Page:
Posts Tagged ‘Chile’

Chile not Venezuela shows the way for the left in Latin America

20/11/2013, 05:21:12 PM

by David Butler

It is a rather remarkable sign of a country’s recovery that the daughter of a victim of the former military regime and the daughter of a member of the former military regime can face off against each other in a peace, fair and free election.

So it was in Chile on Sunday. As the votes were came in, the centre-left candidate for president, former president Michele Bachelet was brought to be brink of victory with 47% of the vote. She will face Evelyn Matthei, who got 25%, in the second round but this is little more than a formality at this stage. Her Nueva Mayoria (New Majority) coalition have won 65 seats in the lower house (with 95% of the vote counted) on the brink of the four-sevenths majority need to enact major policy reforms. This electoral victory and the progress that occurred under twenty years of centre-left rule by Concertacion are worth celebrating.

Chile’s GDP per capita was both higher and grew quicker than the Latin American average for the most of the period of between 1990 and 2010. Obviously not all responsibility belongs to the centre-left government, but they proved themselves good stewards of the economy and invested in areas neglected by the Pinochet dictatorship. Chile was not badly affected the wave of recessions sweeping the world in the late 2000s, thanks to measures taken by Ms Bachelet.

The unemployment rate under Concertacion varied between 6 and 9% for most of the period. Whilst the recession saw a spike up to 11%, the rate has dropped rapidly to its current level of 6%. Inflation has generally remained within the central bank’s target range of 2-4%, ensuring that people enjoy price stability. Yet, there are challenges that remain: the weakness of physical infrastructure and the need for economic diversification away from the copper exports as a fuel of growth are headaches that need to be soothed in the medium-term.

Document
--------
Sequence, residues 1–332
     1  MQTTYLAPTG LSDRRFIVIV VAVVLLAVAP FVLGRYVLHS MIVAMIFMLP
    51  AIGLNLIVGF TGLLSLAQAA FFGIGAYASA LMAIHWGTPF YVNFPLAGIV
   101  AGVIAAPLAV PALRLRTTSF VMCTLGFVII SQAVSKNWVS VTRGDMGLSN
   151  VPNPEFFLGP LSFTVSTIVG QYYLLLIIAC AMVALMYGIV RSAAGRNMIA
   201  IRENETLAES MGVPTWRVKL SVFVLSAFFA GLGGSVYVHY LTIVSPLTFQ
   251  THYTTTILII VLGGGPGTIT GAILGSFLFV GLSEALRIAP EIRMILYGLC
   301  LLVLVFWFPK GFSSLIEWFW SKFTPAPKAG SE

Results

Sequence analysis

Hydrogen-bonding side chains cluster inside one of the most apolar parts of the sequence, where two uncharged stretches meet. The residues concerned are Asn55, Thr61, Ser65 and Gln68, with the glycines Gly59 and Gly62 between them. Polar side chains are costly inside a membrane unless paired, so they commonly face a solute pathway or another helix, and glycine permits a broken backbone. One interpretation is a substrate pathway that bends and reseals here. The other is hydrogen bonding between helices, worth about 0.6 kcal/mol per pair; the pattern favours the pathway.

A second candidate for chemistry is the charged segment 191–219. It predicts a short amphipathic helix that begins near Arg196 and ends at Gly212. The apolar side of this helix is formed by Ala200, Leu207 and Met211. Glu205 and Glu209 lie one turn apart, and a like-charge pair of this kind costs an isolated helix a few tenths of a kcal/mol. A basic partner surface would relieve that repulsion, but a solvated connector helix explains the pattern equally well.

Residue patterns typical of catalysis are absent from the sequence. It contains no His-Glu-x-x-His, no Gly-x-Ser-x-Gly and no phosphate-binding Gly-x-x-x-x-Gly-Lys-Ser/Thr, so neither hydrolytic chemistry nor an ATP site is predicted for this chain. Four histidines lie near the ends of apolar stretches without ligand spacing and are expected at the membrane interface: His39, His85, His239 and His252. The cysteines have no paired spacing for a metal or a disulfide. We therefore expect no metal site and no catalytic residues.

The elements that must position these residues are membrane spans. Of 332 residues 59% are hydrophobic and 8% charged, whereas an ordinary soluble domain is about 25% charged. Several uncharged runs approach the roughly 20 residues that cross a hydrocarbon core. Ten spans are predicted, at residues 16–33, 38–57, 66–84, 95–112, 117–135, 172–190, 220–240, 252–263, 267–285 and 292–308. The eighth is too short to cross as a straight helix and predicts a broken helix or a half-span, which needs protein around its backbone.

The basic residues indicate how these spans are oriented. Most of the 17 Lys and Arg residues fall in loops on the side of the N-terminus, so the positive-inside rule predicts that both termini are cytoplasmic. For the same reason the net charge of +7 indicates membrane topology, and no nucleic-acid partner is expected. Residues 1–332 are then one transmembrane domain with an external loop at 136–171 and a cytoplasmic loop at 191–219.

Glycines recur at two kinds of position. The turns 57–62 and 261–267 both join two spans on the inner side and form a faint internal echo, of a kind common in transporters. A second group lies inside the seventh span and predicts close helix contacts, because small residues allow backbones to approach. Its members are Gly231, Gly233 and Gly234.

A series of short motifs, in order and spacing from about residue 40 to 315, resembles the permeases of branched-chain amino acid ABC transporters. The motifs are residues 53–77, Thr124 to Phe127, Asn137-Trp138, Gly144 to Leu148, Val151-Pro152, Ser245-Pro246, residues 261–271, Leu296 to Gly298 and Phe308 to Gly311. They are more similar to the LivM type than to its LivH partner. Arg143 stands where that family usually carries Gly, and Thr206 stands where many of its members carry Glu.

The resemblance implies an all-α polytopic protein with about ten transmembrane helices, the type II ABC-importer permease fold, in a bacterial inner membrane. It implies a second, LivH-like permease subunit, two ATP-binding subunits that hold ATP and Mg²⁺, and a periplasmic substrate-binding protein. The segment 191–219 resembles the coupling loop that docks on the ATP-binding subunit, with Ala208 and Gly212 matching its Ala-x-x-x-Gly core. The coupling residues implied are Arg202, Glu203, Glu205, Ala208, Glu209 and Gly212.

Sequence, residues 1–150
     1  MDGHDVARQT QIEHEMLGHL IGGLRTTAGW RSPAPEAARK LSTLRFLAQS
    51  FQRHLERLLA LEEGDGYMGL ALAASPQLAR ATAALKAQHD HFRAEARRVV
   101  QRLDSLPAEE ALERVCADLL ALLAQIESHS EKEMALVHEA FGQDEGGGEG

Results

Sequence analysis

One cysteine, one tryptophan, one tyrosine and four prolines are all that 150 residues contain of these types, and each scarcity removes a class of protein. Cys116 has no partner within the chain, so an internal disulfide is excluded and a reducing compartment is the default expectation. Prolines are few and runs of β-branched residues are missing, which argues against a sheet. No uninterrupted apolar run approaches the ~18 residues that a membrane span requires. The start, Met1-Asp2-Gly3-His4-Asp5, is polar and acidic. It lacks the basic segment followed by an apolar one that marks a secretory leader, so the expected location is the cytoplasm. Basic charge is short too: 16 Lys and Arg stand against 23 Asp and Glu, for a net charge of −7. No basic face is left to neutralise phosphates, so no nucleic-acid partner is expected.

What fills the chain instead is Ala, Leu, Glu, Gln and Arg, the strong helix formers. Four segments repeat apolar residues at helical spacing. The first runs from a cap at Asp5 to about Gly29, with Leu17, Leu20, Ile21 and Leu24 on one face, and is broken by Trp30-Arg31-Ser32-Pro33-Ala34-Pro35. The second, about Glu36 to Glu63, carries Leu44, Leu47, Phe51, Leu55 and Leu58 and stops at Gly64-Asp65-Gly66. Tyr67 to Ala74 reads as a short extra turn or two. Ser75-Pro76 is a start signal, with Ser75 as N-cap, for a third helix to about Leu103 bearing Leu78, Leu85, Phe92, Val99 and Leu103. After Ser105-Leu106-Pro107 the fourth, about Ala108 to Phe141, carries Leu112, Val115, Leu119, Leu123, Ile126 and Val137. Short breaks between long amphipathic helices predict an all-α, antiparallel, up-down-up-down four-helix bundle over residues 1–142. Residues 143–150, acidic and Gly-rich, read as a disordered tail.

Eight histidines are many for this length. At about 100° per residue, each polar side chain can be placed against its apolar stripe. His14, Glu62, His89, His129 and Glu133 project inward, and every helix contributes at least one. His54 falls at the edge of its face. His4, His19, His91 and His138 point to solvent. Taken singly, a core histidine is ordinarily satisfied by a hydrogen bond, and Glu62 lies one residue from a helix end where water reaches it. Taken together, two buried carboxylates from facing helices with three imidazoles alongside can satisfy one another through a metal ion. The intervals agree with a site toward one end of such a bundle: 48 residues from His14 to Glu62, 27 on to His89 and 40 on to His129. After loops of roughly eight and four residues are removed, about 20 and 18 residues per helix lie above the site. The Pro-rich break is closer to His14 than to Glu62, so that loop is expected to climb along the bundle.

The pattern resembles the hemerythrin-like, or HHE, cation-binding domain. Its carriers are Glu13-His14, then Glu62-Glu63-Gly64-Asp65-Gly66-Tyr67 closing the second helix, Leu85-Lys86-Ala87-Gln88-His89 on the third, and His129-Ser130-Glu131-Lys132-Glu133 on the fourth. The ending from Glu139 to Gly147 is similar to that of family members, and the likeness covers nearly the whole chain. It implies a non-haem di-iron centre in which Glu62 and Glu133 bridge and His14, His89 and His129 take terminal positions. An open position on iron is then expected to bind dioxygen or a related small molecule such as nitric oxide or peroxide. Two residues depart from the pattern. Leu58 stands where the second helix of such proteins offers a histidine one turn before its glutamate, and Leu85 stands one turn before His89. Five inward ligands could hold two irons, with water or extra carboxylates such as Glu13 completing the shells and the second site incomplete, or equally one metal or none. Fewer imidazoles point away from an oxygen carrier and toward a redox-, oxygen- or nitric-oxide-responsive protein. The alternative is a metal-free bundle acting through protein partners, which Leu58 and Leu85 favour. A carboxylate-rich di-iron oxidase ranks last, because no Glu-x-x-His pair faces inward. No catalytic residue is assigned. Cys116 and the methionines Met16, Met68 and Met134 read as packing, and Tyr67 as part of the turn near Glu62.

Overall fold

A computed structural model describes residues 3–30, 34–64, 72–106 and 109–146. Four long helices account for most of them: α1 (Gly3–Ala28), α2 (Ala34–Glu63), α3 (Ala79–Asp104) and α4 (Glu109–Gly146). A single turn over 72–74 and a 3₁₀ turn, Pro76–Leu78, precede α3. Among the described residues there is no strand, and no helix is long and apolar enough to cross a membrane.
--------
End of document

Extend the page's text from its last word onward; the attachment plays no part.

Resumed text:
As noted above, the Chilean economy is relatively dependent upon copper, which make up three-quarter of their exports. A sharp fall in the price in 2008 caused this sector to shrink in values. However, the centre-left government had invested in assets using revenues from the cooper boom in the early 2000s and were able to moderate the impact of the downturn. A truly counter-cycle fiscal policy almost unique amongst commodity exporting countries, according professor Jeffrey Frankel of Harvard university. This is has ensure that Chile’s public debt remains at a manageable 9.5% of GDP. Bachelet herself introduced a fiscal responsibility bill in 2006 to further enshrine principles on which this prudence was based. Despite this fiscal conservatism, the governments of Concertacion were able to raise spending on social security and education.


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